Class / Digestive System 2, Digestive duct. Lab Class. Histology of Organs and Systems

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CATEGORY: Life Sciences > Human & Animal Histology > Organs & Systems > Digestive duct > Large Intestine

Article 36: Large intestine, Colon, Myenteric plexus of Auerbach

Valentin MartínWesapiens/Natura 10 / 31 / 2011
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Abstract

Welcome to the lab class in histology of organs and systems. 47 Introducing lab class (in spanish)
The aim of these lab class is to provide students with the educational resources necessary to acquire the basic practical skills of each subject, i.e. to recognize, locate and describe the types of cells, tissues and structures of each organ.
Each of these practical sessions are structured around three main elements:
- Definition of learning objectives.
- HandBook: Description of structures, tissues and cell types of the system itself.
- Exercises: location of structures / cell types in virtual slides

LEARNING OBJECTIVES
- Identify the general structure of the digestive duct layers.
- Identify the layers of the esophageal wall.
- Identify the type of epithelium of the esophageal mucosa.
- Locate the submucosal glands of the esophagus.
- Differentiate the layers forming the wall of the stomach.
- Identify the epithelium, lamina propria, the muscularis mucosa of the stomach.
- Locate the pits (foveae) and the gastric glands.
- Differentiate the mucous cells, parietal and chief cells of the gastric glands and their distribution according to the depth of the gland.
- Differentiate the different types of mucous cells by the nature of its secretion using specific staining techniques such as PAS-Alcian blue.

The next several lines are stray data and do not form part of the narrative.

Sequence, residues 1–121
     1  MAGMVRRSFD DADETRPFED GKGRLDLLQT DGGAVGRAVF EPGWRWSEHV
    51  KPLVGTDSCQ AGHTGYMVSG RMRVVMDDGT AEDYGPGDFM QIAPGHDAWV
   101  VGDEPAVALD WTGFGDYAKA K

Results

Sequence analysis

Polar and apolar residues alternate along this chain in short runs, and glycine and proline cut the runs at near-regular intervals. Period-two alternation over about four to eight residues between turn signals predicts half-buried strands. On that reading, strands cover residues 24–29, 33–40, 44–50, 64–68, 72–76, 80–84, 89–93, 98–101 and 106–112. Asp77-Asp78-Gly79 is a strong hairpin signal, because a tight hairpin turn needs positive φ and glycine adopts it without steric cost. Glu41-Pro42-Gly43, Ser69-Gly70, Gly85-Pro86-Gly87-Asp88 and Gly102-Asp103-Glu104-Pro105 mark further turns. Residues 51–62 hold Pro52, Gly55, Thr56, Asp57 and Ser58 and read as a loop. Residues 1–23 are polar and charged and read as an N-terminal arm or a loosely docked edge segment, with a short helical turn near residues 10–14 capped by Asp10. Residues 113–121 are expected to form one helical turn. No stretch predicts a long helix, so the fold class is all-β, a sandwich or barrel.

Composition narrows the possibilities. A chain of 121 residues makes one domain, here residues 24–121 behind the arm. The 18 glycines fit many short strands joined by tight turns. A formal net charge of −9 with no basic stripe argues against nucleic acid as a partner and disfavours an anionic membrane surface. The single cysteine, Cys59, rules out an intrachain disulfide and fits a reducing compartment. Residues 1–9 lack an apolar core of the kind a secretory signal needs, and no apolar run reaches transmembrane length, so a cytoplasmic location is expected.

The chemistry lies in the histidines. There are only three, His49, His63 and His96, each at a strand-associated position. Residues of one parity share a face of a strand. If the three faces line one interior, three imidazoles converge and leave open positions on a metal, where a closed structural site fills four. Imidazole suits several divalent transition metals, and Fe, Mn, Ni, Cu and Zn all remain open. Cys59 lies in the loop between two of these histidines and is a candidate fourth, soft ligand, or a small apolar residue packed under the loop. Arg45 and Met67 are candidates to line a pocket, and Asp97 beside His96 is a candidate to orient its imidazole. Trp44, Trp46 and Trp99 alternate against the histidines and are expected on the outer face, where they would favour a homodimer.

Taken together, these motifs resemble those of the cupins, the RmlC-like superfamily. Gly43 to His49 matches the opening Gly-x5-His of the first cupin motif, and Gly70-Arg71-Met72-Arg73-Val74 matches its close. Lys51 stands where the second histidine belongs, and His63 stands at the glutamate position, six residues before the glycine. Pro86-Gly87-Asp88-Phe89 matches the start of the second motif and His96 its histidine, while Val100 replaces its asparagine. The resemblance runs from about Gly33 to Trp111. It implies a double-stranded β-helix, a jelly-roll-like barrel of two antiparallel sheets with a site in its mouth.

- Identify the sub-layers of the muscularis propria of the stomach.
- Characterize the structure of the wall of the small intestine.
- Differentiate between folds (plicae or valves of Kerking) and intestinal villi.
- Identify which layers form the intestinal villi.
- Identify the cell types that form the intestinal epithelium: enterocytes and goblet cells.
- Characterize the lamina propria of the villi, identify the cell types and lacteals.
- Locate the crypts of Lieberkühn, Panneth cells and enteroendocrine cells.
- Identify the two sub-layers (inner circular and outer longitudinal) of the muscularis layer of the small intestine.
- Differentiate the characteristics of each segment of small intestine: duodenum, jejunum and ileum.
- Identify the glands of Brunner in the duodenum.
- Identify the layers of the large intestine wall and characterize the differences between their structure and those of the small intestine.
- Characterize the proportion of goblet cells in the epithelium of the large intestine and compare with that of the small intestine.
- Identify the two sub-layers (inner circular and outer longitudinal) muscularis layer of the large intestine.
- Identify the myenteric plexus of Auerbach.

HANDBOOK
GENERAL ISSUES
The digestive duct's main mission is food digestion and subsequent absorption of nutrients that may be useful, and the removal of unusable waste.
Each of the features of this process is done in a certain portion of the digestive duct, thus:
- The esophagus is responsible for driving the bolus from the mouth to the stomach.
- The stomach is carried out most of the digestion process, generating a slurry (chyme) a mixture of the bolus with gastric juices. Digestion is the process by which ingested food are broken down to its basic components (monosaccharides and disaccharides, fatty acids, amino acids and small peptides and nucleic acids).
- In the small intestine completes digestion and absorbs 90% of the nutrients.
- The main function of the large intestine is the water recovery, packing and preparing feces for his expulsion.

The digestive duct wall has a structure common to all sections, although each section has its peculiarities.
The wall of all sections shows four layers, from the lumen are: 1 General structure of the digestive duct

- Mucosa:
It consists of a lining epithelium, below, a lamina propria of loose connective tissue and a thin layer of smooth muscle, which is called "muscularis mucosa".
In much of the digestive duct, the lining epithelium (and glands that form) is responsible for the secretion of substances for digestion and is in this epithelium where nutrient absorption occurs. 15 Gastric pits (foveola)